Oswego River Burlington Sim Place Reservoir to confluence of West Branch Wading River and the Wading River 15 Recreation-(Unique proximity to significant urban population centers in Philadelphia, Trenton, Camden and Wilmington.) Botanic-(Area includes representatives of all significant features of Pine Barrens natural phenomenon.) Other Mullica-Toms 1982
Passaic River Morris, Essex Morris Turnpike to Mt Pleasant Ave. 7 Recreation-(Segment is extremely accessible by public roads and is in unique proximity to high concentrations of urban populations within the NY metro area.) Recreational Hackensack-Passaic 1982
Passaic River Morris, Essex Rt. 80 to Two Bridges Rd. 11 Botanic-(Segment flows through a relict marsh and swamp portion of Lake Passaic, the large glacial lake of the Wisconsin period.) Other Hackensack-Passaic 1982
Passaic River Morris Osborn Mills to Route 78 8 Botanic-(Segment is adjacent to the Great Swamp, a National Natural Landmark and National Wildlife Refuge.) Other Hackensack-Passaic 1982
Penn Swamp Branch Burlington Headwaters to confluence with Batsto River 4 Hydrologic-( Most of the region is drained by rather closely spaced and somewhat parallel streams flowing to barrier bays along the Atlantic Ocean or south to the Delaware Bay. Streams in the Pinelands are typically slow moving and shallow due to very low topographic gradient. The unusual brown or so-called tea colored appearance of the stream waters results from the abundance of an organic iron complex, which is derived from the oxidation of iron ions dissolved in groundwater and mixed with decomposing plant by-products at the surface. Rivers help to maintain the quality of the adjacent barrier bays which in turn maintain the aquatic nursery and spawning areas of the region. The fact that most streams and the groundwater aquifers in the Pinelands are still low in nutrients (or unpolluted) makes these areas (and the region) unusual. Wild-(Rivers and river segments flow through an area which is the most extensive wildland tract in the Middle Atlantic Seaboard region.) Historic-(System includes river-related National Register sites such as Batsto Village and National Historic Districts such as the Double Trouble area.) Recreation-(System is in unique proximity and accessible to significant urban population centers in Philadelphia, PA, Trenton, NJ, Camden NJ, and Wilmington, DE. Certain river segments are unique in that they are canoeable the entire year.) Scenic-( Hardwood forest streams, bog-freshwater marsh areas and white cedar streams. These areas are 3 of the top 4 Pinelands landscapes most preferred by the public as scenery.) Cultural-( These river areas, identified as the most preferred of all Pinelands cultural landscape types, include Sim Place, Quaker Bridge, Hampton and numerous other cranberry bogs.) Botanic-(White cedar swamps, bogs, cranberry bogs and freshwater marshes. The characteristic pattern of this vegetation is directly linked to stream flow quantity and quality. These areas serve as the habitat for at least 4 rare or endangered plant species.) Cultural, Historic, Recreational, Scenic, Wildlife, Other Mullica-Toms 1982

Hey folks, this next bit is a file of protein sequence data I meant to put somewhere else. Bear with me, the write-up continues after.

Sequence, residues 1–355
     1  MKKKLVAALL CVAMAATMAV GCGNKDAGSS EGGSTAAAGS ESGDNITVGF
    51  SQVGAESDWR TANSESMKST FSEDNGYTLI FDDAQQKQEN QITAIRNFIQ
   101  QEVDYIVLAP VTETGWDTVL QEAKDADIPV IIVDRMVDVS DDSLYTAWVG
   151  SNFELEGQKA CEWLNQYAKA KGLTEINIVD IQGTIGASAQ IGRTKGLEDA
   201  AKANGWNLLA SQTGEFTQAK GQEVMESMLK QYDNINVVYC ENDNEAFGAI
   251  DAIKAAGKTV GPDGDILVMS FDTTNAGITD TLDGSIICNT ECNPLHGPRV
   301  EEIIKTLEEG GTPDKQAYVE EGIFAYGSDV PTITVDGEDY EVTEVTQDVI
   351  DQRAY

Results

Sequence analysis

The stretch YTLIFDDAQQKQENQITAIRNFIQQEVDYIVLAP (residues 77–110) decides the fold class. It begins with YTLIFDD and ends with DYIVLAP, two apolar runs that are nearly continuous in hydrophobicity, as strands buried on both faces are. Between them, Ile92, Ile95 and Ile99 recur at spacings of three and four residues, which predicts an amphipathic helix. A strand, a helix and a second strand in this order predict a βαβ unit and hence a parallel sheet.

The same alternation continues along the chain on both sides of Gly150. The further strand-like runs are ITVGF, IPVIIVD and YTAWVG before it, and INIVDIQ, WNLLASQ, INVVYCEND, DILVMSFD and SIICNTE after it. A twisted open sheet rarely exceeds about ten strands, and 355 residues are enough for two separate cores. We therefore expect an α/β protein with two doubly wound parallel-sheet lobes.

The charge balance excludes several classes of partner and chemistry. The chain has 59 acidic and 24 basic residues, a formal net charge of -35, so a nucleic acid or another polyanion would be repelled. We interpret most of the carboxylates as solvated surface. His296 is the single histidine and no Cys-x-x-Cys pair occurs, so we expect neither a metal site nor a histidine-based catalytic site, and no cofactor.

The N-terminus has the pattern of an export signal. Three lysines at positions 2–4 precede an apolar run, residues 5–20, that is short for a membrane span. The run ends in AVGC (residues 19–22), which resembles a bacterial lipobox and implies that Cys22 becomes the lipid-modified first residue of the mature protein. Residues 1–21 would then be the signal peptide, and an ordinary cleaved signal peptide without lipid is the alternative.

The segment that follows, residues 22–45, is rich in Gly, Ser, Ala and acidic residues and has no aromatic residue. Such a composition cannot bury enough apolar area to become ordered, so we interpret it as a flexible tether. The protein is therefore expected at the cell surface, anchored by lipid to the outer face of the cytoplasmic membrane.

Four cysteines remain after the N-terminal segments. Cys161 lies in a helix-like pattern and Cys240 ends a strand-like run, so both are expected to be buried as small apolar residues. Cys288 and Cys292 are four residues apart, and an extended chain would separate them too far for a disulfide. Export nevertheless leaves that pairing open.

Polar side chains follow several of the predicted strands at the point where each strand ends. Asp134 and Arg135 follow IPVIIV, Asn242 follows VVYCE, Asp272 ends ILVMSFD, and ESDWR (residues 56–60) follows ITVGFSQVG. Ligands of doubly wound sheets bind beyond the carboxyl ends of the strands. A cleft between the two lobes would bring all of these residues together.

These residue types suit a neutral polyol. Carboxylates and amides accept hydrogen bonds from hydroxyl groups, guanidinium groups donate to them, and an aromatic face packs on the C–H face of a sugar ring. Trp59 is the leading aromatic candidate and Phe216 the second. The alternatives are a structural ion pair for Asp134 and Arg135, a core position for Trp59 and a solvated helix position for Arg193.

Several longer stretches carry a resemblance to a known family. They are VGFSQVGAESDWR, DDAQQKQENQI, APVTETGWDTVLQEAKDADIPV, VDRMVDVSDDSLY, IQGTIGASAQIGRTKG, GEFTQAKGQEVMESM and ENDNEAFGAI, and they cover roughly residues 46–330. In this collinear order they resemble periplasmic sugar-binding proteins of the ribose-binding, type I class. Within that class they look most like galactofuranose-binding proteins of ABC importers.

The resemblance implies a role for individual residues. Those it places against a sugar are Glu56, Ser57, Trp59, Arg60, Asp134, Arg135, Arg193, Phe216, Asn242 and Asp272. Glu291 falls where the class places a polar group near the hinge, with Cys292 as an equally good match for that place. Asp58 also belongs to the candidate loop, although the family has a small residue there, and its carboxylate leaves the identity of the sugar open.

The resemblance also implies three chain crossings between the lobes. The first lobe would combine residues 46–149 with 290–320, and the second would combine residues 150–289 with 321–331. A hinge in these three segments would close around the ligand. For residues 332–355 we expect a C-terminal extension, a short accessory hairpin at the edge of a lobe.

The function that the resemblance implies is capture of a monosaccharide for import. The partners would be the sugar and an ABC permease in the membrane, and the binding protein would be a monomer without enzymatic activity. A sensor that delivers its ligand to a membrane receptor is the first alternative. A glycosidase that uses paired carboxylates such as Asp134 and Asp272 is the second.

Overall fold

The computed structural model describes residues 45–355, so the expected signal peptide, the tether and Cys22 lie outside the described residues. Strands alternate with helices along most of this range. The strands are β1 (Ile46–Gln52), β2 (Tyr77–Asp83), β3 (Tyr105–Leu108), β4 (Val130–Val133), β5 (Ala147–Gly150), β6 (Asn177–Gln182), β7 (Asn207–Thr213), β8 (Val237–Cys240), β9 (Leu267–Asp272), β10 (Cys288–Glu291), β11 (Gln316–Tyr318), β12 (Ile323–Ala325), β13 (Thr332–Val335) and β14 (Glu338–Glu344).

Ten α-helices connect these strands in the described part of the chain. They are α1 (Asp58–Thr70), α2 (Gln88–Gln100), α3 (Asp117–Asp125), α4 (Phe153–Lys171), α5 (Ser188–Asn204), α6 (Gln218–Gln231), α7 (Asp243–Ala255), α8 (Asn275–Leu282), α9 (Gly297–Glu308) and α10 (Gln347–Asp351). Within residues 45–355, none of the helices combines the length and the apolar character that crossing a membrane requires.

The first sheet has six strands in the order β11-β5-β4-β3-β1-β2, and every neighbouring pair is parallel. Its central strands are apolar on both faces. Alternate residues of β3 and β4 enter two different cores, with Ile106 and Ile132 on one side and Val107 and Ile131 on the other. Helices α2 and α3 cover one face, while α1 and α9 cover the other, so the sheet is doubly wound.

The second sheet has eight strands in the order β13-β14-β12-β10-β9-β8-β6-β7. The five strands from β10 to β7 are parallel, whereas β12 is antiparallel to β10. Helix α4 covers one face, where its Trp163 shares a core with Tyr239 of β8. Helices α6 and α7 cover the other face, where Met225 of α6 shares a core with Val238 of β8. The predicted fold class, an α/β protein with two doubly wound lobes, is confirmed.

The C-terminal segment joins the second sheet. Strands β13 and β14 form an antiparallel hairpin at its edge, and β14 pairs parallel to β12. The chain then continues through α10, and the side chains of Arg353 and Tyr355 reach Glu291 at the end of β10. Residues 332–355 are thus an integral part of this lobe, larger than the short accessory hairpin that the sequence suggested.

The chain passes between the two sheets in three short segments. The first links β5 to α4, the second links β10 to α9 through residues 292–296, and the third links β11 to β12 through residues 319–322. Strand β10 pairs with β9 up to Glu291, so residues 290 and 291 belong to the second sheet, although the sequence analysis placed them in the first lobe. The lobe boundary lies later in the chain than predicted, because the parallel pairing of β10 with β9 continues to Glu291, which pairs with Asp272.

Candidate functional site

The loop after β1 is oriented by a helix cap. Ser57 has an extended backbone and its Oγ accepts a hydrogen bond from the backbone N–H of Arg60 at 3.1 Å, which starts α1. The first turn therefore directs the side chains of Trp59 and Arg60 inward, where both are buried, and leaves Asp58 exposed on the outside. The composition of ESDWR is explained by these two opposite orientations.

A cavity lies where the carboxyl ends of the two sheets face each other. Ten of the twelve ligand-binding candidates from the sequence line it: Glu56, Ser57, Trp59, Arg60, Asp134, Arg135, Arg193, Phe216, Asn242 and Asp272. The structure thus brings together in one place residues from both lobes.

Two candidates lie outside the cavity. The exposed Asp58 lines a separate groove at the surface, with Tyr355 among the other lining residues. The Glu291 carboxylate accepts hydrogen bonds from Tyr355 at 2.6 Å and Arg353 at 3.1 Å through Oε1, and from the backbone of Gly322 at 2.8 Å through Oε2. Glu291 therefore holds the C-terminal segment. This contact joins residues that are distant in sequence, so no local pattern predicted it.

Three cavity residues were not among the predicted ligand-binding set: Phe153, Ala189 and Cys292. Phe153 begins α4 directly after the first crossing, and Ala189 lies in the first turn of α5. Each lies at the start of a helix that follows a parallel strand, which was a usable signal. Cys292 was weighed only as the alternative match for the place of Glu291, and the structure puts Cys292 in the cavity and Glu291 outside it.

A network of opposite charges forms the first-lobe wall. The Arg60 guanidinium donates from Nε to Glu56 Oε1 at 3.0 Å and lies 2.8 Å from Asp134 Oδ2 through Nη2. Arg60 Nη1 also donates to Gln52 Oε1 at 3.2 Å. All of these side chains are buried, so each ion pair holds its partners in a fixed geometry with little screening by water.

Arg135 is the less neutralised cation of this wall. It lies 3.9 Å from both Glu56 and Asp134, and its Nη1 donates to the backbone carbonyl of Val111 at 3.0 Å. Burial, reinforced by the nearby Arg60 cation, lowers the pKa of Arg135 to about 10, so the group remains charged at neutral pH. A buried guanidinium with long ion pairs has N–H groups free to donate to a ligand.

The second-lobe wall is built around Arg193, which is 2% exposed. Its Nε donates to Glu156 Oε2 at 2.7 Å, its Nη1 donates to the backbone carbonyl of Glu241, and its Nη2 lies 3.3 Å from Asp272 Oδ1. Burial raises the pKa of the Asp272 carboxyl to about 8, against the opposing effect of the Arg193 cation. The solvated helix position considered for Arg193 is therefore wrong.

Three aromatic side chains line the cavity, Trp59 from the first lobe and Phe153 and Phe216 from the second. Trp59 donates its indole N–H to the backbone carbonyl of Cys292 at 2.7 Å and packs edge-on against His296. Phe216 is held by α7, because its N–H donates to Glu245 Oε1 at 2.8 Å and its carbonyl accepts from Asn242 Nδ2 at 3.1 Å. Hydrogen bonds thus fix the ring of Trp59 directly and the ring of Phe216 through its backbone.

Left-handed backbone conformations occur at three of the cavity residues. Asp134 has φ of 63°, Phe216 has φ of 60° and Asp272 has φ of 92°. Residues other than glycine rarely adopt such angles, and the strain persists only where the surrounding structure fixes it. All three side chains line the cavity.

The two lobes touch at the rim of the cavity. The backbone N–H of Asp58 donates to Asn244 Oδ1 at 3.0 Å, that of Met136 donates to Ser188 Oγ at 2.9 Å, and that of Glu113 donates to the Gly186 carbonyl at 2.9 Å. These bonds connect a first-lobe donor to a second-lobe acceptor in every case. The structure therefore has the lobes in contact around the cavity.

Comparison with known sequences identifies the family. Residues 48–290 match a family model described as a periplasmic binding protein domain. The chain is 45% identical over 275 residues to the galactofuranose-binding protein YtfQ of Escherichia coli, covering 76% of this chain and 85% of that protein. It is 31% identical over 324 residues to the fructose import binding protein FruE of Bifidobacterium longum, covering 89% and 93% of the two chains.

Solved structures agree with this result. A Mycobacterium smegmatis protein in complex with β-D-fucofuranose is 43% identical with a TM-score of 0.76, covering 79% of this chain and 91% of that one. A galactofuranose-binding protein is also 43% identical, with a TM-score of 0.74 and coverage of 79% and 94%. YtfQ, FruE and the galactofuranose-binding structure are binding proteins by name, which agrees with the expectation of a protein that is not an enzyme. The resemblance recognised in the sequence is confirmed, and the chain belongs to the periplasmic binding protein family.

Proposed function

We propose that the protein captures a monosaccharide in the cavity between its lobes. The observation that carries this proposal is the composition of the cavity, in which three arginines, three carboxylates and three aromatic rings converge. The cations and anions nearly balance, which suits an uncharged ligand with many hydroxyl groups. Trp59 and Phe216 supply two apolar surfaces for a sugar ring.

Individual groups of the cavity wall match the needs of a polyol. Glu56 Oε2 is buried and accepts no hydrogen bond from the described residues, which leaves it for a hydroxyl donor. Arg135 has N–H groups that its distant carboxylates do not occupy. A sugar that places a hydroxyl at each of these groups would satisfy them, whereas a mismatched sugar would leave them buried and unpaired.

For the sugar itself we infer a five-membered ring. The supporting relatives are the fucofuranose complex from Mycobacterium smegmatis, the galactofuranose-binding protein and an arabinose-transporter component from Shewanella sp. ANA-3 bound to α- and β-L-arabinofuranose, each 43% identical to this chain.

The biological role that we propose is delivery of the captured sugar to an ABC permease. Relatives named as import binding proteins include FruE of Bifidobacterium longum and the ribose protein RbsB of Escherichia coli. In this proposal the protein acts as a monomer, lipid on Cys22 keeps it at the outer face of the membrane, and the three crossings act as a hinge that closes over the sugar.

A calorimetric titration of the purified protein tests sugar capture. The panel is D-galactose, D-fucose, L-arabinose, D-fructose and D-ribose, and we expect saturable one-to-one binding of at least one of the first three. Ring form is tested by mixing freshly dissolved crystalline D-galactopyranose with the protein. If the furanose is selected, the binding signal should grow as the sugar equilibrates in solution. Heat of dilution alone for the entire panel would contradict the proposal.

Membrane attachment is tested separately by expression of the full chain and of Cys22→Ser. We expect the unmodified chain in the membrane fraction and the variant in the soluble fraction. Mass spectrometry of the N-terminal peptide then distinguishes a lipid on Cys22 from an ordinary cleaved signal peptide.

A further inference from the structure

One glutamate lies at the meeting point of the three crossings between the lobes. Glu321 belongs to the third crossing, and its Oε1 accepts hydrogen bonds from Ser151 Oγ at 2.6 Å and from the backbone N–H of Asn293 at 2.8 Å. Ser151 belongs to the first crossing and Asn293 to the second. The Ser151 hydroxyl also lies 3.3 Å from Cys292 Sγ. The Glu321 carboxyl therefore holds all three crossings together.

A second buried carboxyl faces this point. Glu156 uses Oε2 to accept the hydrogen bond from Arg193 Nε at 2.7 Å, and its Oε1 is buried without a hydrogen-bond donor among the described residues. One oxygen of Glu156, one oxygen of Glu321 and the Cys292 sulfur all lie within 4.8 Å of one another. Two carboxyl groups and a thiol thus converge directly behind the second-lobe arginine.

Pine Creek Atlantic Reservoir below Weekstown to confluence with Mullica 2 Botanic-(Area includes representatives of all significant features of Pine Barrens natural phenomenon.) Wild-(Within an area which is the most extensive wildland tract in the Middle Atlantic Seaboard region.) Recreation-(Unique proximity to significant urban population centers in Philadelphia, Trenton, Camden and Wilmington.) Historic-(National Register village at Batso.) Historic, Recreational, Wildlife, Other Mullica-Toms 1982
Roberts Branch Burlington Headwaters to confluence with Skit Branch 5 Hydrologic-( Most of the region is drained by rather closely spaced and somewhat parallel streams flowing to barrier bays along the Atlantic Ocean or south to the Delaware Bay. Streams in the Pinelands are typically slow moving and shallow due to very low topographic gradient. The unusual brown or so-called tea colored appearance of the stream waters results from the abundance of an organic iron complex, which is derived from the oxidation of iron ions dissolved in groundwater and mixed with decomposing plant by-products at the surface. Rivers help to maintain the quality of the adjacent barrier bays which in turn maintain the aquatic nursery and spawning areas of the region. The fact that most streams and the groundwater aquifers in the Pinelands are still low in nutrients (or unpolluted) makes these areas (and the region) unusual. Wild-(Rivers and river segments flow through an area which is the most extensive wildland tract in the Middle Atlantic Seaboard region.) Historic-(System includes river-related National Register sites such as Batsto Village and National Historic Districts such as the Double Trouble area.) Recreation-(System is in unique proximity and accessible to significant urban population centers in Philadelphia, PA, Trenton, NJ, Camden NJ, and Wilmington, DE. Certain river segments are unique in that they are canoeable the entire year.) Scenic-( Hardwood forest streams, bog-freshwater marsh areas and white cedar streams. These areas are 3 of the top 4 Pinelands landscapes most preferred by the public as scenery.) Cultural-( These river areas, identified as the most preferred of all Pinelands cultural landscape types, include Sim Place, Quaker Bridge, Hampton and numerous other cranberry bogs.) Botanic-(White cedar swamps, bogs, cranberry bogs and freshwater marshes. The characteristic pattern of this vegetation is directly linked to stream flow quantity and quality. These areas serve as the habitat for at least 4 rare or endangered plant species.) Cultural, Historic, Recreational, Scenic, Wildlife, Other Mullica-Toms 1982